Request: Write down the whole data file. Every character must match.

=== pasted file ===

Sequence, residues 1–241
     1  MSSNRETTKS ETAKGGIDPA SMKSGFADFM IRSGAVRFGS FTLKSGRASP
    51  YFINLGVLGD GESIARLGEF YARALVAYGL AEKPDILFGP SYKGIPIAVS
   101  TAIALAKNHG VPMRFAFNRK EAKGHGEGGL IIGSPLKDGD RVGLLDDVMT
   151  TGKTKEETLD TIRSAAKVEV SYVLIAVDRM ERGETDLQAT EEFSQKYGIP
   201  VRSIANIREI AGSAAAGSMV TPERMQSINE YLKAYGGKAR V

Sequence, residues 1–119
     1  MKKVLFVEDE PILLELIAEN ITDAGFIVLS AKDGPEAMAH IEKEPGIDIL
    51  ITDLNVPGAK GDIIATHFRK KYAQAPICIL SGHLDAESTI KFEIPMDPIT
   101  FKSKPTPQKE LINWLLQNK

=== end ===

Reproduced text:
Sequence, residues 1–241
     1  MSSNRETTKS ETAKGGIDPA SMKSGFADFM IRSGAVRFGS FTLKSGRASP
    51  YFINLGVLGD GESIARLGEF YARALVAYGL AEKPDILFGP SYKGIPIAVS
   101  TAIALAKNHG VPMRFAFNRK EAKGHGEGGL IIGSPLKDGD RVGLLDDVMT
   151  TGKTKEETLD TIRSAAKVEV SYVLIAVDRM ERGETDLQAT EEFSQKYGIP
   201  VRSIANIREI AGSAAAGSMV TPERMQSINE YLKAYGGKAR V

Sequence, residues 1–119
     1  MKKVLFVEDE PILLELIAEN ITDAGFIVLS AKDGPEAMAH IEKEPGIDIL
    51  ITDLNVPGAK GDIIATHFRK KYAQAPICIL SGHLDAESTI KFEIPMDPIT
   101  FKSKPTPQKE LINWLLQNK